Dried herbs are an important aspect of how we cook, how we eat, how we practice our cultural beliefs, and to many, how to earn a living and make a profit.
Humans have long discovered the two ways to use herbs – fresh and dried. Some instances require fresh herbs, especially if this is the better choice over dried herbs. Similarly, there are instances wherein dried herbs are the ideal choice. Take for example the practice of smudging – this cultural practice cannot be done with fresh herbs. This is why humans have been drying herbs since ancient times.
Modern technology has allowed us to create new ways to dry herbs (e.g. through the use of microwave ovens and baking ovens, etc). Because of this and other factors like the longer shelf life of dried herbs versus fresh herbs, more and more people are trying to learn how to make their own dried herbs.
The dried herb is man’s way of making sure herbs do not go to waste after they were harvested. Drying herbs is a great and popular way of preserving herbs for future use. And because of the growing demand for dried herbs, this has become a commercial enterprise, and today, companies all around the world harvest herbs to make dried herbs. As industries that involve the use of dried herbs grew (i.e. catering and food processing, cosmetics and personal care, medicinal remedies, etc.), so did the dried herbs industry.
One thing that is good about having dried herbs at home is having an option, or an alternative, or a back-up. Sometimes, we want to cook a certain dish that requires a fresh herb, and it is not available in the supermarket. When this happens, you can use dried herbs.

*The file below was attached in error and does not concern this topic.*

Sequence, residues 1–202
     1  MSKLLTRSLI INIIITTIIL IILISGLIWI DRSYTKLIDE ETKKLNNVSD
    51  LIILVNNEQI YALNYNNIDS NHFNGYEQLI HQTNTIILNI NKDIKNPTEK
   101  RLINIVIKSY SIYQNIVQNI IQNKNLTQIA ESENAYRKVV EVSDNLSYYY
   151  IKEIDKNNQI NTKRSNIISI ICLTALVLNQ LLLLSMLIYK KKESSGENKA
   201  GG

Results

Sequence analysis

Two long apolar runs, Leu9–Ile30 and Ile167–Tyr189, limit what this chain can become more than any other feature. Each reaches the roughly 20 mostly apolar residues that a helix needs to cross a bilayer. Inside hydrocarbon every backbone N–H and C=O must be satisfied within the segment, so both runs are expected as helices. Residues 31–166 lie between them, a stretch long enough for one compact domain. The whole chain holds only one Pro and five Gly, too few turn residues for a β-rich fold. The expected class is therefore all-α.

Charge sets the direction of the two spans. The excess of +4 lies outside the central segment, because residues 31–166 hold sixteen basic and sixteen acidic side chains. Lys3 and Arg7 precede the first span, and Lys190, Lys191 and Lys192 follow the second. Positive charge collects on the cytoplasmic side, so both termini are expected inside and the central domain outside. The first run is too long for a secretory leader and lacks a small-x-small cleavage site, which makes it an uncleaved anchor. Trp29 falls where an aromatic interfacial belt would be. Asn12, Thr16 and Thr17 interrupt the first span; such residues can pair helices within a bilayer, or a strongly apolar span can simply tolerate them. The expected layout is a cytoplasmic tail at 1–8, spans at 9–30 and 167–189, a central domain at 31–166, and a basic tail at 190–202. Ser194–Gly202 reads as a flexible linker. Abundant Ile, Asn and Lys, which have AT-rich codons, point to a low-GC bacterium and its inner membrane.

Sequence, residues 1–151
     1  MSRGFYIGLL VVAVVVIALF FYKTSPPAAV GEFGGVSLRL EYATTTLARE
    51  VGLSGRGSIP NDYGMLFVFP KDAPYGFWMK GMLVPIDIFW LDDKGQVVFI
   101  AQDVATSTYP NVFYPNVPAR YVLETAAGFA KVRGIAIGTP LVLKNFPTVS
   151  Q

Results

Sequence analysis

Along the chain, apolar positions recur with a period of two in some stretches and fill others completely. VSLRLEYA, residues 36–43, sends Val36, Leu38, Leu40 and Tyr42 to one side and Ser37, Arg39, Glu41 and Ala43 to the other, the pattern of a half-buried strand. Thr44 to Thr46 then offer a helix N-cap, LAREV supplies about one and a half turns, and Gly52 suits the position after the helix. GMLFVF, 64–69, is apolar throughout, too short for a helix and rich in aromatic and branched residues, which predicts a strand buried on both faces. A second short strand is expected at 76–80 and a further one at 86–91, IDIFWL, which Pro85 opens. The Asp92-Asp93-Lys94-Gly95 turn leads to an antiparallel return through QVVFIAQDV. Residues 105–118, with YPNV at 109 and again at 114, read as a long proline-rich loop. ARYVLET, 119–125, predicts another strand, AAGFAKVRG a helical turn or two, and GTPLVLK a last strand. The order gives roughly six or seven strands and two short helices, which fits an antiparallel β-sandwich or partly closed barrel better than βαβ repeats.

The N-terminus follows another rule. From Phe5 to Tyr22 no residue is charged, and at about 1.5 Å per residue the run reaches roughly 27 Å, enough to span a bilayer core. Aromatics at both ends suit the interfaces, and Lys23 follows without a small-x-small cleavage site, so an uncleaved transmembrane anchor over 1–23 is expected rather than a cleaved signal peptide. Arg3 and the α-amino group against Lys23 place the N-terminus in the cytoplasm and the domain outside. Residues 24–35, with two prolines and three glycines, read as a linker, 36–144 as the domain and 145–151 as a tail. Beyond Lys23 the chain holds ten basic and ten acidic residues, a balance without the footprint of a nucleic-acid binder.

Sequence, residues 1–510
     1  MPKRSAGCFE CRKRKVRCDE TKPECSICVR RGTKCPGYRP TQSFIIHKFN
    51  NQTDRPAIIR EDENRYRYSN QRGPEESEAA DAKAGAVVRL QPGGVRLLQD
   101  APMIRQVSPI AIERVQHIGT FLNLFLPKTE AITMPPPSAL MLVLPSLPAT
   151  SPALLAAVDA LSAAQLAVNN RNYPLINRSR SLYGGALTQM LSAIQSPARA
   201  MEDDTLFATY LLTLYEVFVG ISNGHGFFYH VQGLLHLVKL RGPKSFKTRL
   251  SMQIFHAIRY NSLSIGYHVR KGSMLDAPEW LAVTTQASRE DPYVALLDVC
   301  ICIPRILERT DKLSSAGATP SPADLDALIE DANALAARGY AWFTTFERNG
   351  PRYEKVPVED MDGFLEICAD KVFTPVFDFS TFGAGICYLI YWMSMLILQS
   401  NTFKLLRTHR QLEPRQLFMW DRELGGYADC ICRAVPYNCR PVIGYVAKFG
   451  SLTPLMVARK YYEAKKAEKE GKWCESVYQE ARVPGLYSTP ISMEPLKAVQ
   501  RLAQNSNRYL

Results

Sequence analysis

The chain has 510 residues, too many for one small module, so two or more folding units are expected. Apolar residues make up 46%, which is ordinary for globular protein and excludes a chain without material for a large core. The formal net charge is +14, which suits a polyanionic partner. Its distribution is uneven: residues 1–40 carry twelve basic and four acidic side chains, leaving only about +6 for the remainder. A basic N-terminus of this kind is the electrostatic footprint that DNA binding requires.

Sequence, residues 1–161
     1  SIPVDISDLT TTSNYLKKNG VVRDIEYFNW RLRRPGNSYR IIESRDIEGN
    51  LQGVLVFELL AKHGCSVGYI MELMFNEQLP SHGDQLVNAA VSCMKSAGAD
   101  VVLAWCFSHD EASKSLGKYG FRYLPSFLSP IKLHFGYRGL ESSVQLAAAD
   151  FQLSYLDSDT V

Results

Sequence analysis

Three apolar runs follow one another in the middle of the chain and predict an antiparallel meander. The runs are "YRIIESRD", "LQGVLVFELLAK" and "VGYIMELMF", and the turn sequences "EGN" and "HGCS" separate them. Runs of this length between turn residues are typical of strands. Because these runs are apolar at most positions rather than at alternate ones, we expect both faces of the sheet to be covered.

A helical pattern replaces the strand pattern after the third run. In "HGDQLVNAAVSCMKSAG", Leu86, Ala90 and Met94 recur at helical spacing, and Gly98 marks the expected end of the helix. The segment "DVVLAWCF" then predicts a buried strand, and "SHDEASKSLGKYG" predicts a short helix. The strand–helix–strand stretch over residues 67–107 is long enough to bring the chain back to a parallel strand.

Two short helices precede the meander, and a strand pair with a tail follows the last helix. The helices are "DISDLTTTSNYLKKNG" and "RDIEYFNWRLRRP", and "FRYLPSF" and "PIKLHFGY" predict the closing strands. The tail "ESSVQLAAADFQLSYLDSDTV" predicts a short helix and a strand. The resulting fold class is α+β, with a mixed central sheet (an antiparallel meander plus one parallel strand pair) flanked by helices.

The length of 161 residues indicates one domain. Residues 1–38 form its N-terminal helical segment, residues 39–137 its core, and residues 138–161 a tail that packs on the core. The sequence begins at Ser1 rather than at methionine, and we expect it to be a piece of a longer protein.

Dried Herbs Trivia
- Your first instinct when you see dried leaves is to throw them out. For herbal bouquets, keep it there. One good quality of this collection of dried herbs is its ability to repel insects.
- Burn dried herbs like basil or rosemary and cleanse the room of bad energy or bad spirits.
- Fresh leaves are great but not in the case of bay leaf. Dried bay leaf is more flavorful when used in cooking compared to fresh bay leaf.
- Mistletoe is often associated with Christmas, but dried mistletoe is considered a medicinal herb too.
- Have you seen a bottle of dried allspice? Don’t be confused with the name – this is not a mixture of different spices. Allspice is the dried unripe berry of Pimenta dioica native to the Greater Antilles, southern Mexico, and Central America. It is now cultivated in many warm parts of the world. It is also known as Jamaica pepper, myrtle pepper, pimenta, or pimento.